"The fact is, that the paper currency of the country cannot be on a perfectly sound footing until the issue of notes, whether by joint stock banks or private individuals, be suppressed. ... A paper currency is not in a sound or wholesome state, unless, 1st, means be taken to insure that each particular note or parcel of such currency be paid immediately on demand; and unless, 2nd, the whole currency vary in amount and value exactly as a metallic currency would do were the paper currency withdrawn and coins substituted in its stead. The last condition is quite as indispensable to the existence of a well-established currency as the former; and it is one that cannot be fuilly realized otherwise than by confining the issue of paper to a single source. It is easy to see that were paper issued only by the Bank of England, or some one source in London, and then only in exchange for bullion, the currency would be in its most perfect state, and would fluctuate exactly as it would do were it wholly metallic. But at present the currency is supplied by hundreds of individuals and associations, all actuated by diferent and frequently conflicting views and interests." [1]

[1]: (McCulloch 1847, 37) J R McCulloch. 1847. A Descriptive and Statistical Account of the British Empire. Third Edition. Volume II. Longman, Brown, Green, and Longmans. London.


Indigenous Coin:
present

"The Coinage of the British Empire from the Earliest Period to the Present Time" Henry Noel Humphreys (1861). "Before the early nineteenth century the Royal Mint’s role was largely domestic. Britain’s North American colonies had gained the right to issue their own coinage ... while in South Asia the East India Company had been allowed since the late seventeeth century to ’purchase’ permission from local Indian rulers to reproduce coins that followed India as opposed to English conventions. For the Mint itself the eighteenth century was a period of relative stagnation: British silver and copper coinage was in a poor condition and was in short supply. ... The end of the Napoleonic wars, however, was followed by currency reform and in 1816-17 recoinage in Britain. In 1818 private coins were made illegal. ... The installation of Boulton’s steam-powered machinery, coupled with a French invention, the ’reducing machine’, which reproduced original coin designs by machine rather than by hand engraving, enabled for the first time the mass production of high-quality and homogenous copper coins and transformed the Mint itself into an ’industrial concern’. These changes coincided with the growth of a ’second’ British Empire and the Mint began producing more coins for overseas dependenies." [1]

[1]: (Stockwell 2018, 45-46) Sarah Stockwell. 2018. The British End of the British Empire. Cambridge University PRess. Cambridge.


Foreign Coin:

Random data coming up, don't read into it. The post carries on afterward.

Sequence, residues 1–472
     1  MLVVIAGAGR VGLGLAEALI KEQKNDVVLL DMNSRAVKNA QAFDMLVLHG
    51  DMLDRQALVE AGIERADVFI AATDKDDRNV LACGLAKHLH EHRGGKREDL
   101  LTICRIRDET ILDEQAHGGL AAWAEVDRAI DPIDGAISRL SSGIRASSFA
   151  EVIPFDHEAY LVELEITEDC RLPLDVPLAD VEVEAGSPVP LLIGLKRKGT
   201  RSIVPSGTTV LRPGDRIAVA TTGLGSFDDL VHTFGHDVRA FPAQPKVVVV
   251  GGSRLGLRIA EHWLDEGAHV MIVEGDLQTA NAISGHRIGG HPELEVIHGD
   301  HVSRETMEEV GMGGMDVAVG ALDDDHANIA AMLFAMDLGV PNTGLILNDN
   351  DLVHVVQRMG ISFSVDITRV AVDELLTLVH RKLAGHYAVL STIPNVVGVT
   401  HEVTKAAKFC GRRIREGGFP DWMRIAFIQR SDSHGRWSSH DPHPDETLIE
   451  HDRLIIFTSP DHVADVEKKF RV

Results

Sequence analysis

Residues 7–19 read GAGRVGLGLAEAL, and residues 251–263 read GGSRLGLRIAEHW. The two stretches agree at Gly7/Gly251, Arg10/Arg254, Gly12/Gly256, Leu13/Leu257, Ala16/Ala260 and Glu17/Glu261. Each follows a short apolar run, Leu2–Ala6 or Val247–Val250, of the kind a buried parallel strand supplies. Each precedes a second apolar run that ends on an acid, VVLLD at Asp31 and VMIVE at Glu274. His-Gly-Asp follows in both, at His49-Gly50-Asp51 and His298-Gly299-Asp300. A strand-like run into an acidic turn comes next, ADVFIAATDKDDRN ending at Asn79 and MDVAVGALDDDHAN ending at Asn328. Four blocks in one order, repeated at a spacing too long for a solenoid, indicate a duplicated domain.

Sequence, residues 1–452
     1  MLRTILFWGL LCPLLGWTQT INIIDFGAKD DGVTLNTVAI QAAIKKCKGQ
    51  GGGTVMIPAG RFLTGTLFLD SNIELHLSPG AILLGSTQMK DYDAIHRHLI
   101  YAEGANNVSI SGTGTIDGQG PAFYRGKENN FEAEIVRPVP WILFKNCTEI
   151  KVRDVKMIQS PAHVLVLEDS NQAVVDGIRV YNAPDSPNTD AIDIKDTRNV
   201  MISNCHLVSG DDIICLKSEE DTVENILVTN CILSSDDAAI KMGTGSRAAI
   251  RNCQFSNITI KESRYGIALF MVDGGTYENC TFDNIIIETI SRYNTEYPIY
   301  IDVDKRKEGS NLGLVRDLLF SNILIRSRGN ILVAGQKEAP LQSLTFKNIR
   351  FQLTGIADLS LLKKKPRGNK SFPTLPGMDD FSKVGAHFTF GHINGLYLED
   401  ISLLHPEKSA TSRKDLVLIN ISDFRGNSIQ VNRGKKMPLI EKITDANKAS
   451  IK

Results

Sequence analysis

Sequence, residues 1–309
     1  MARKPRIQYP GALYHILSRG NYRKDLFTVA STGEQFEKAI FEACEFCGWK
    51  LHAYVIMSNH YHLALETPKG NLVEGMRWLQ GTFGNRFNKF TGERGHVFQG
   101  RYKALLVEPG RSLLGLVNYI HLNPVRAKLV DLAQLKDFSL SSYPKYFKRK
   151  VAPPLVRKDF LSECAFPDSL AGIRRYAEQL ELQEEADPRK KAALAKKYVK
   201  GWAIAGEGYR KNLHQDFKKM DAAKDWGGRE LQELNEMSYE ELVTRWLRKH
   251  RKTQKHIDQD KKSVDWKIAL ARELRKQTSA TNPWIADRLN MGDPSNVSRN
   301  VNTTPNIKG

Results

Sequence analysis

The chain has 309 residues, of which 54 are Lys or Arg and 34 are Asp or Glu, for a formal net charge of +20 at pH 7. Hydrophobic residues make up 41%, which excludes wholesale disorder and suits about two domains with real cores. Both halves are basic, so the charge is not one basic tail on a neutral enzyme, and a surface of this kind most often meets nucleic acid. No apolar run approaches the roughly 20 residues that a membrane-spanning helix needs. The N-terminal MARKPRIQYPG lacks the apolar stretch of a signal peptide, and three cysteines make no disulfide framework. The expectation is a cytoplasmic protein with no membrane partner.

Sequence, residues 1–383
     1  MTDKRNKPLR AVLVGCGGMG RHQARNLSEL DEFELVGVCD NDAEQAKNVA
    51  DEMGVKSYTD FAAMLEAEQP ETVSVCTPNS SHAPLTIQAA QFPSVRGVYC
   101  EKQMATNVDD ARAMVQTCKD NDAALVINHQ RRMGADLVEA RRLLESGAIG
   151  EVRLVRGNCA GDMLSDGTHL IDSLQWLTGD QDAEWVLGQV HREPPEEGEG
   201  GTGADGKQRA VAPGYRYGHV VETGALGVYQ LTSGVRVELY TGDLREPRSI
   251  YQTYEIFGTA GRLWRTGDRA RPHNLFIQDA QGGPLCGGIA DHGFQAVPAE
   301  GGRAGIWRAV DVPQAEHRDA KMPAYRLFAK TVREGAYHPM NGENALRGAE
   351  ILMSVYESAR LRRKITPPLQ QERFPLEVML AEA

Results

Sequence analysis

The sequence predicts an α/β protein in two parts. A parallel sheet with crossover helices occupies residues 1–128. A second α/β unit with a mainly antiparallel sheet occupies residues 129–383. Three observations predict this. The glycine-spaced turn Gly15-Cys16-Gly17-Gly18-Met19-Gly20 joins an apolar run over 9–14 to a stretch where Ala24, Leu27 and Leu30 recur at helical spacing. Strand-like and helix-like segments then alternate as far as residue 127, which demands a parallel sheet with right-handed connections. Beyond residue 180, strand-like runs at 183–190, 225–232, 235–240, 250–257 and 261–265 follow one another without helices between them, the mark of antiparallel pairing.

present

"Before the early nineteenth century the Royal Mint’s role was largely domestic. Britain’s North American colonies had gained the right to issue their own coinage ... while in South Asia the East India Company had been allowed since the late seventeeth century to ’purchase’ permission from local Indian rulers to reproduce coins that followed India as opposed to English conventions." [1] "domestic British coin became increasingly an ’imperial currency’, circulating throughout much of the Empire. ... in the course of the nineteeth century, the Mint began producing a variety of dedicated colonial as well as other foreign coinages, designated ’private’ by the Mint, and paid for by the overseas customers. From 1883 the Treasury encouraged all colonies to obtain their local currencies from the Mint." [2]

[1]: (Stockwell 2018, 45-46) Sarah Stockwell. 2018. The British End of the British Empire. Cambridge University PRess. Cambridge.

[2]: (Stockwell 2018, 46) Sarah Stockwell. 2018. The British End of the British Empire. Cambridge University PRess. Cambridge.


Information / Postal System
Postal Station:
present

This reference concerns possessions in South Africa: "...by horses and, in the ’twenties, by postcarts: a weekly postal service was set up in 1834. In 1852 there was a daily service from Cape Town to Paarl and Stellenbosh, thrice weekly to Grahamstown and twice weekly to the Karoo. The postcart also conveyed passengers. Following the issue of the famous three-cornered Capes in 1853, a penny post was established in limited areas in 1860 and four years later it was possible to extend it to the whole Colony. But, despite better roads, the ox-waggon remained the commercial vehicle and was still in use a century later." [1]

[1]: (? 1963, 795) ? in Eric A Walker. ed. 1963. The Cambridge History of the British Empire. Volume III. South Africa, Rhodesia and The High Commission Territories. Cambridge University Press. Cambridge.


General Postal Service:
present